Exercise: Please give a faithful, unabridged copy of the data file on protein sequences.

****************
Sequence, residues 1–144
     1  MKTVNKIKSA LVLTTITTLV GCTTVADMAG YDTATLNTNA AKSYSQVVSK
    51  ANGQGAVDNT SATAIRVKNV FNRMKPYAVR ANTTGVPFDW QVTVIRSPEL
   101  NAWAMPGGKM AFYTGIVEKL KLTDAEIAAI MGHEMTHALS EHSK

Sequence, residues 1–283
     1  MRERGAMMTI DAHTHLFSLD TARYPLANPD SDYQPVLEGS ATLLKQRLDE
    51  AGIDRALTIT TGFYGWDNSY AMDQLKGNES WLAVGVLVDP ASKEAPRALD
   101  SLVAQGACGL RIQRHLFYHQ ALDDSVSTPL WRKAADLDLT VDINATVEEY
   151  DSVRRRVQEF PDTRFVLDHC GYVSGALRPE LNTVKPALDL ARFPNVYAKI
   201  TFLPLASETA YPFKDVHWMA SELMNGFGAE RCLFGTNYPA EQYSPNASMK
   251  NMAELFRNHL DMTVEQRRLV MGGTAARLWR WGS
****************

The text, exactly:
Sequence, residues 1–144
     1  MKTVNKIKSA LVLTTITTLV GCTTVADMAG YDTATLNTNA AKSYSQVVSK
    51  ANGQGAVDNT SATAIRVKNV FNRMKPYAVR ANTTGVPFDW QVTVIRSPEL
   101  NAWAMPGGKM AFYTGIVEKL KLTDAEIAAI MGHEMTHALS EHSK

Sequence, residues 1–283
     1  MRERGAMMTI DAHTHLFSLD TARYPLANPD SDYQPVLEGS ATLLKQRLDE
    51  AGIDRALTIT TGFYGWDNSY AMDQLKGNES WLAVGVLVDP ASKEAPRALD
   101  SLVAQGACGL RIQRHLFYHQ ALDDSVSTPL WRKAADLDLT VDINATVEEY
   151  DSVRRRVQEF PDTRFVLDHC GYVSGALRPE LNTVKPALDL ARFPNVYAKI
   201  TFLPLASETA YPFKDVHWMA SELMNGFGAE RCLFGTNYPA EQYSPNASMK
   251  NMAELFRNHL DMTVEQRRLV MGGTAARLWR WGS